Today is the 99th birthday of Broadway lyricist Sheldon Harnick, who won a Tony Award for Fiddler on the Roof, a Tony and Pulitzer Price for Fiorello!, and such other musicals with Jerry Bock as She Loves Me, The Apple Tree, The Rothschilds, Rex (with Richard Richard Rodgers), and the opera Captain Jinks and the Horse Marines -- and much more. Yes, 99.
I interviewed Sheldon years ago when I was a student at Northwestern, and he returned to campus as Homecoming Grand Marshal. I then made a radio documentary from it for the school radio station, WNUR, and two decades later finally tracked down his address through a mutual friend to send him a copy. And when I told my mother after all that time that I finally found someone who knew where Harnick lived, she said, "Oh, you mean, Aunt Joan?" I was floored. I never had any idea that they grew up together and even went to college together. Though. no, she didn't have her address. When I sent him the radio documentary though and explained my further connection, he sent a handwritten note back, and the first line was, "OH, MY GOD!!! JOAN SERED!!! (which was her maiden name. And yes, this is the Aunt Joan who I wrote about here a few Januarys ago for her surprise 90th birthday party.) Though they've periodically crossed paths over the many decades, I was able to get them together 14 years ago when we all saw a production of his show She Loves Me at the Writers Theatre in Glencoe, Illinois. (And yes, this was the production I've written about several times that starred Jessie Mueller before she left for Broadway and won a Tony Award for starring in the musical Beautiful.)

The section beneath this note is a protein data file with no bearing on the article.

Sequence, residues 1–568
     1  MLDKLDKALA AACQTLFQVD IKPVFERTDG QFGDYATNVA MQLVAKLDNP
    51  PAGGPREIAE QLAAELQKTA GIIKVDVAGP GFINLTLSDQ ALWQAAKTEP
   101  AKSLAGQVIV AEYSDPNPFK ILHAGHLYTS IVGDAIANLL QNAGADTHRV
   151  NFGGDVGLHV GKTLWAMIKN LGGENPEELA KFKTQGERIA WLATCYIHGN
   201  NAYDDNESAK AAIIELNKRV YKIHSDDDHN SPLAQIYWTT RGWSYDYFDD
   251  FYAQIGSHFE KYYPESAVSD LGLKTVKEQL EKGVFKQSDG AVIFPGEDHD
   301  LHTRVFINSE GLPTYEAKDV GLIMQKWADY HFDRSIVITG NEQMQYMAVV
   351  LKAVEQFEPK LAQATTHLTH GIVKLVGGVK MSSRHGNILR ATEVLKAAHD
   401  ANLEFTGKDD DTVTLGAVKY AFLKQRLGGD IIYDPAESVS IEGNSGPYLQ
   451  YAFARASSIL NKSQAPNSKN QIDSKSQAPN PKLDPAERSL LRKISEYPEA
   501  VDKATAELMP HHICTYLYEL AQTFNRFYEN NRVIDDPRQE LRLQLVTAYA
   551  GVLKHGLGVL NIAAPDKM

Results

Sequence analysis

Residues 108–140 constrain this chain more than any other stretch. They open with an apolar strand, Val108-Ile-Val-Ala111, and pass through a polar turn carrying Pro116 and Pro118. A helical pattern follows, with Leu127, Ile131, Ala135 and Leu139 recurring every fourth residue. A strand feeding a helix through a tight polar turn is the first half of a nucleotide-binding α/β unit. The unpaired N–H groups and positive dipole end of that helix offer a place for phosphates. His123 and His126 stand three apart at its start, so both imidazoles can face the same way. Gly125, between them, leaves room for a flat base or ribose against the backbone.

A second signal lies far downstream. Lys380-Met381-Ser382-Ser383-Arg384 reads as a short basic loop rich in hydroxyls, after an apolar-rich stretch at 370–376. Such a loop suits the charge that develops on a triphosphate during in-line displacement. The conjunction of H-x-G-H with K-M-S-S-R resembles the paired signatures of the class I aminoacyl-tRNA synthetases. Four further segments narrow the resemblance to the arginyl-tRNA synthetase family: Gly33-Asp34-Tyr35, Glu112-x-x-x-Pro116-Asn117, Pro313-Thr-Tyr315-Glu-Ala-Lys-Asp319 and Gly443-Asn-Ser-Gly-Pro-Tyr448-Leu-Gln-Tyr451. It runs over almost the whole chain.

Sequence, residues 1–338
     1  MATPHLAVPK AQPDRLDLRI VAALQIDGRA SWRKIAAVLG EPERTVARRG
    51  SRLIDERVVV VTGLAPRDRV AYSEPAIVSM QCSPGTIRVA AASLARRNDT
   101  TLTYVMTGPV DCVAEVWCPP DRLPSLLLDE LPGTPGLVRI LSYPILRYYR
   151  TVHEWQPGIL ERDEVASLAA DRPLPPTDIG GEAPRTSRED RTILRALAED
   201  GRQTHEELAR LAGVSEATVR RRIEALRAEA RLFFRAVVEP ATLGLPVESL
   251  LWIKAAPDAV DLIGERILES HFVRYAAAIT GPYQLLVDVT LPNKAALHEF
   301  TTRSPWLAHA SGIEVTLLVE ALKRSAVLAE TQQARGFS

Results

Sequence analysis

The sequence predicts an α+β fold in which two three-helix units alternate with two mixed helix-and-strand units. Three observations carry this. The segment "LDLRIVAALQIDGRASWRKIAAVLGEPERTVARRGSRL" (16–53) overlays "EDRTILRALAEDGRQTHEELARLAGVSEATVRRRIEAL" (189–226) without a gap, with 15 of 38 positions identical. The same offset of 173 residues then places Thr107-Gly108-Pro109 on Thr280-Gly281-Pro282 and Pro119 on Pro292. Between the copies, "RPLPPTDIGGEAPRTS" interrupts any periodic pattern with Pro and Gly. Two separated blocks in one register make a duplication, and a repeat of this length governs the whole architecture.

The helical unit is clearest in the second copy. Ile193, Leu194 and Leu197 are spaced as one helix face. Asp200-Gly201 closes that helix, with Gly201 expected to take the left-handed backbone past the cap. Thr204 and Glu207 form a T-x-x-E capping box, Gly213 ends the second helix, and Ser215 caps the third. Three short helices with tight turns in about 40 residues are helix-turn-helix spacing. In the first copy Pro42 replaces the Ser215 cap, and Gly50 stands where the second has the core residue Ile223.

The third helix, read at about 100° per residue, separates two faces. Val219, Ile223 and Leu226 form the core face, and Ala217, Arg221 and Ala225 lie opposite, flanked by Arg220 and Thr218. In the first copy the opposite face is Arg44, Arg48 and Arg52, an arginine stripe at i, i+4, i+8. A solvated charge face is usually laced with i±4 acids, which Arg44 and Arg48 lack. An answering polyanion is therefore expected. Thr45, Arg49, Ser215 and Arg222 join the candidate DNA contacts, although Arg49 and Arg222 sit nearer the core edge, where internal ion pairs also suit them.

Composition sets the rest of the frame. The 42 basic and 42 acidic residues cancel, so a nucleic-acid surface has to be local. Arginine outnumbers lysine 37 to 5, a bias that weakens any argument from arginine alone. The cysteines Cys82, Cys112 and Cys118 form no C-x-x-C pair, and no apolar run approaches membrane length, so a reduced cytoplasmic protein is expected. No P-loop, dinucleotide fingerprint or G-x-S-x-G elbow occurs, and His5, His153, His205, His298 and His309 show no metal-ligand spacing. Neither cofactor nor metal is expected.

But enough of all that. On with the show. Here's a wonderful, hour-long interview with Sheldon Harnick at the Kennedy Center when he was 90, and you'll see he's vibrant and entertaining. Know too that this isn't just an interview, but includes several of his songs from wonderful performers.
And here's one of my favorite of his lesser-known songs, "In My Own Lifetime," from The Rothschilds, which starred Hal Linden who won the Tony Award as Best Actor. Harnick writes poetically and richly with the simplicity of almost everyday language, which is his hallmark. Years ago, when I made that aforementioned radio documentary for the college station, I ended it with this song -- which I preceded with a clip of Harnick talking about how he'd like people to listen to his songs and say, "Yeah. Yeah, that's true."